By Chris Mahr
Per usual, this year’s list of preseason Heisman Trophy candidates is replete with star quarterbacks. For the most part, all of them — Ohio State’s Braxton Miller, Clemson’s Tajh Boyd, Texas A&M’s Johnny Manziel, Oregon’s Marcus Mariota, Louisville’s Teddy Bridgewater, etc. — are beloved by their respective fan bases, the paragon of the successful “Big Man on Campus” star QB.
In the latter regard, perhaps the biggest exception among the 2013 preseason Heisman candidates is Nebraska’s Taylor Martinez — a multi-talented player whom Cornhuskers fans have spent three years waiting to screw up.
This despite the fact that, entering his senior season, Martinez already holds the school record for career passing yards (6,591) and TDs (46) and needs just 577 rushing yards to surpass Eric Crouch’s program record for a QB (3,434). He’s also produced some of the most dazzling plays in recent Cornhuskers history — most notably his 76-yard touchdown run in last December’s Big Ten Championship Game.
Yet you won’t hear Cornhuskers fans breathlessly comparing Martinez’s career to those of Crouch, Tommie Frazier or Turner Gill. If anything, many of those fans see Martinez as the Nebraska version of Florida State’s Chris Rix: A talented, dual-threat QB that produced more moments of disappointment than triumph.
Yet while the highly-touted Rix — who, like Martinez, grew up in Southern California — never progressed as a player after throwing for 24 TDs as a freshman in 2001 (which wound up as the most he’d throw for in a single season), Martinez has more than rewarded Nebraska for being the only FBS school to offer him a scholarship to play quarterback.
Dogged by questions concerning his passing ability entering last season, Martinez fixed his throwing motion (under the tutelage of private QB coach Steve Calhoun) and became a legitimate passing threat, completing 62% of his throws for over 2,800 yards and 23 TDs. Moreover, it made him more dangerous as a runner, as he rushed for 10 TDs while exceeding 1,000 yards for the first time in his career.
None of Martinez’s Nebraska QB predecessors ever enjoyed a season as prolific as what he produced in 2012. The key difference is that Crouch, Frazier and Gill all had the Cornhuskers in contention for a national title during their tenures in Lincoln — something that Martinez has yet to do.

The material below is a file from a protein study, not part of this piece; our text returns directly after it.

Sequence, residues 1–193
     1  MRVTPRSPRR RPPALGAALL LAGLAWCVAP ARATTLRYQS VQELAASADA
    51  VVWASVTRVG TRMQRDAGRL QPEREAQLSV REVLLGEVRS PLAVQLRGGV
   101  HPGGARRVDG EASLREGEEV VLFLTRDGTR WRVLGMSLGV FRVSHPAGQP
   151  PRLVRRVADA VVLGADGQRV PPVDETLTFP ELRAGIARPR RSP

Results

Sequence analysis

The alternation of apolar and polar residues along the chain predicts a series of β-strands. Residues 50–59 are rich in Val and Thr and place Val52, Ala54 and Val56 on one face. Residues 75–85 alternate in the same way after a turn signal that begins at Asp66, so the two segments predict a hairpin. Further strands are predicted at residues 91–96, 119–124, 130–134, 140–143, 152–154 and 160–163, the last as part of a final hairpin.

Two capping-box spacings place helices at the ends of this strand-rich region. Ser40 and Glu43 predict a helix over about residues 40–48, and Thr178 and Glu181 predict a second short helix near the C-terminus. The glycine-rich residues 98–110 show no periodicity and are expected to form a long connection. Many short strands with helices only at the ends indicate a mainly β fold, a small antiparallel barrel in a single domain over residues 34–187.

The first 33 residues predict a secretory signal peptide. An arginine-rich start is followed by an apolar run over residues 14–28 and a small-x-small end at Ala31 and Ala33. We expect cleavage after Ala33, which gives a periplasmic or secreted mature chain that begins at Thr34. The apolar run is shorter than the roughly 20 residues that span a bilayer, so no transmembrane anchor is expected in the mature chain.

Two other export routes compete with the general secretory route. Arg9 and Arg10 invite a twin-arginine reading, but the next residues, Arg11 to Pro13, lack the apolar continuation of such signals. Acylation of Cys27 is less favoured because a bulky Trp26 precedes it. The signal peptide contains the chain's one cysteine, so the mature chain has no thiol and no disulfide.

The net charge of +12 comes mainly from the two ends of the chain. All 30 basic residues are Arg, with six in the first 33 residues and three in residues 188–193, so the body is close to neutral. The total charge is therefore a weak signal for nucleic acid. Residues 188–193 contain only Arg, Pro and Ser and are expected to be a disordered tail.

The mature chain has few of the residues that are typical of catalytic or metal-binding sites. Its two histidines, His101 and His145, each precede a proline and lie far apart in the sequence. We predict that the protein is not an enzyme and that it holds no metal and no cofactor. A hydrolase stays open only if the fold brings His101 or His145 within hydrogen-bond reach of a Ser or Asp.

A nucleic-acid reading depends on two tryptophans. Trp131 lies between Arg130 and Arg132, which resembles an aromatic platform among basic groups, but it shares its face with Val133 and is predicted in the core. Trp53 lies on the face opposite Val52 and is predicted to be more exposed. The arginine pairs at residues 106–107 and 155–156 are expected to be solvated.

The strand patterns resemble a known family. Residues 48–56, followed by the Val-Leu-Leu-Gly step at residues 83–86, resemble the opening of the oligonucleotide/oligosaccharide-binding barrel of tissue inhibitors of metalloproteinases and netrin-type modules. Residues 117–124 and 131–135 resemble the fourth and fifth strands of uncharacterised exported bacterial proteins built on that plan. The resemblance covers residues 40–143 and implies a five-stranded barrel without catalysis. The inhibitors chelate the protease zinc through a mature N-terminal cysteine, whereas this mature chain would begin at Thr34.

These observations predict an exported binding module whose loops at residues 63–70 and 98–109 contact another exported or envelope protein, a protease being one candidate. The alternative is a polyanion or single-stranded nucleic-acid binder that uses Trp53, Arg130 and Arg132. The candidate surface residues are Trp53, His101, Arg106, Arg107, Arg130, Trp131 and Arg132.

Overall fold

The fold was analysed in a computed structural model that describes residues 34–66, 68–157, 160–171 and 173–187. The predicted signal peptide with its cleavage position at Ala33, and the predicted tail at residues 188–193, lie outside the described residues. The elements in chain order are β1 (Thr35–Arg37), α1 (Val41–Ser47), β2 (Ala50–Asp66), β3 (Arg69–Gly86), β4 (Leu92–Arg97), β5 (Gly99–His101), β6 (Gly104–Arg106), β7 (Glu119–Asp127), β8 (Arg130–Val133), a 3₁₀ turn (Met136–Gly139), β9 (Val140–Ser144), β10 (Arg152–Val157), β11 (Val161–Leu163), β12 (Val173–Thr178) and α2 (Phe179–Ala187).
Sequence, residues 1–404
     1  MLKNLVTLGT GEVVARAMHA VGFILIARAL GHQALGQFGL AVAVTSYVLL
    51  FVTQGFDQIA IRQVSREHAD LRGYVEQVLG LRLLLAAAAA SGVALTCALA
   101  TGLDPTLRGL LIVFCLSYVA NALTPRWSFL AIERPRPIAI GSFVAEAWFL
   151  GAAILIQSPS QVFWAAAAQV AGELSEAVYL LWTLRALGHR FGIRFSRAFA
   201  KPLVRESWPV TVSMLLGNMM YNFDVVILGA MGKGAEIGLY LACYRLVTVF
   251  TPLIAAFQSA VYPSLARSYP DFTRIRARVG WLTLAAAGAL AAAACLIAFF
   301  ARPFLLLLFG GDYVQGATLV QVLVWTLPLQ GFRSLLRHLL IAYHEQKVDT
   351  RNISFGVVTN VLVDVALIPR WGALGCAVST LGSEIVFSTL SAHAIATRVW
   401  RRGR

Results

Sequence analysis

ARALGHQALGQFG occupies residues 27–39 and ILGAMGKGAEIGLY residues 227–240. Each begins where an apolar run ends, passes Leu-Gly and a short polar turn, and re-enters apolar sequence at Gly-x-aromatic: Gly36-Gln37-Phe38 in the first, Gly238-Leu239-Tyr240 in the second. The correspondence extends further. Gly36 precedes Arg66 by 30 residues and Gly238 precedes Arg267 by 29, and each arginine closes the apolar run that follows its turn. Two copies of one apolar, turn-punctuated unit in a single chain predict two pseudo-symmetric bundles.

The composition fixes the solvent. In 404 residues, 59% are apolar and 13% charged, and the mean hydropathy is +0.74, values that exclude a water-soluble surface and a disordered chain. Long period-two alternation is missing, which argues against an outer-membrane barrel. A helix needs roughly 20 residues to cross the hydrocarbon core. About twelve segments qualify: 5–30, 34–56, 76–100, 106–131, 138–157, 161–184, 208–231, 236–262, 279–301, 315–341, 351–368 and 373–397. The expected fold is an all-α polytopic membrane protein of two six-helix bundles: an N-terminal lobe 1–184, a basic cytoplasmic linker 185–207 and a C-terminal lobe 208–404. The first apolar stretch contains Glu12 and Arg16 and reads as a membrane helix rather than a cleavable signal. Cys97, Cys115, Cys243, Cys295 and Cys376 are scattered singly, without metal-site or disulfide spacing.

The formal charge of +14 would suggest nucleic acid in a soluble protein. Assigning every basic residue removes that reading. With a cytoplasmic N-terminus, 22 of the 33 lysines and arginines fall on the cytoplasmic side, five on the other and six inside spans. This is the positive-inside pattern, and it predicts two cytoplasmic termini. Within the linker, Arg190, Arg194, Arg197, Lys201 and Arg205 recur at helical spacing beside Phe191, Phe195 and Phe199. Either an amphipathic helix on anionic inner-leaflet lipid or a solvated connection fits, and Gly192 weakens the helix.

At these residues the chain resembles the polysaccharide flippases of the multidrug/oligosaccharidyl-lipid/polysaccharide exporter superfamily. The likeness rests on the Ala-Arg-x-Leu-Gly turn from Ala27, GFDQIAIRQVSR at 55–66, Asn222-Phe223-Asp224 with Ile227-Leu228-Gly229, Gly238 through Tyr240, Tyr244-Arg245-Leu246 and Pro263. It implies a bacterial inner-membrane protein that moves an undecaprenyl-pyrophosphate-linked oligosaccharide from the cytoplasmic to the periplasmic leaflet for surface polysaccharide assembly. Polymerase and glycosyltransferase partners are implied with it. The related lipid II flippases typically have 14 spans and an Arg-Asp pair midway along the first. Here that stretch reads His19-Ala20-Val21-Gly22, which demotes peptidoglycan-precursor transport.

As a sophomore in 2011, the onus of that disappointment definitely fell on Martinez. That year, the Huskers started 7–1 and were ranked No. 9 — only to go 2–3 in their final five games, undone by a Martinez-led offense that averaged just 18.4 PPG down the stretch.
Last year, it wasn’t so easy to blame Martinez for Nebraska’s four losses. Yes, his 3-to-8, TD-to-INT ratio in those games was far from pretty, but he still accounted for eight total touchdowns, and the offense average 32.5 PPG (not far off from its season average of 34.8 PPG). It certainly wasn’t Martinez’s fault that the “Black Shirts” were torched for an average of 53.5 PPG in those losses. Had they even played average defense in those games (season average: 27.6 PPG allowed), Martinez might have been praised for leading the Huskers to an undefeated campaign and BCS bowl berth.
Martinez worked with Calhoun again this past May. It’s not outlandish to predict that he could be even better in 2013 than he was in 2012, to hope for 3,000 yards passing and 1,000 yards rushing and 40 total touchdowns.
More important, if the Nebraska defense does an about-face and gets back to playing “Black Shirts”-caliber defense, the Huskers will find themselves in prime position for a BCS berth and, perhaps, a place in the national title discussion. And Martinez will finally earn something that has eluded him throughout his time in Lincoln: The love and respect of Cornhuskers fans.
Chris Mahr is the managing editor of Lost Lettermen. His column appears Tuesdays and Thursdays. You can follow him on Twitter at @CMahrtian.
Bottom Photo Credit: Brian Spurlock/USA Today Sports